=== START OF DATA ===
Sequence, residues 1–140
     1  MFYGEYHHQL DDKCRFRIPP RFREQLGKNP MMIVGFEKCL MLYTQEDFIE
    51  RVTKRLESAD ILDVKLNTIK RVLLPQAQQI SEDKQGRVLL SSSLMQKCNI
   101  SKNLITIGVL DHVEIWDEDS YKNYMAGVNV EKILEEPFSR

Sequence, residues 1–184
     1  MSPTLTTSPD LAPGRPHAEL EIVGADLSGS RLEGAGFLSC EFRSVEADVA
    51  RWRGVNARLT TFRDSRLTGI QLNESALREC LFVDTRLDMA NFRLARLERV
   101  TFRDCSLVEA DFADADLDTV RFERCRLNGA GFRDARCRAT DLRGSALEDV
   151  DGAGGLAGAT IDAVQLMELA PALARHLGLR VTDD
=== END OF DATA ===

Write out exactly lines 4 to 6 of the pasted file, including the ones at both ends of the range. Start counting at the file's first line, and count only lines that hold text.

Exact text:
   101  SKNLITIGVL DHVEIWDEDS YKNYMAGVNV EKILEEPFSR

Sequence, residues 1–184
     1  MSPTLTTSPD LAPGRPHAEL EIVGADLSGS RLEGAGFLSC EFRSVEADVA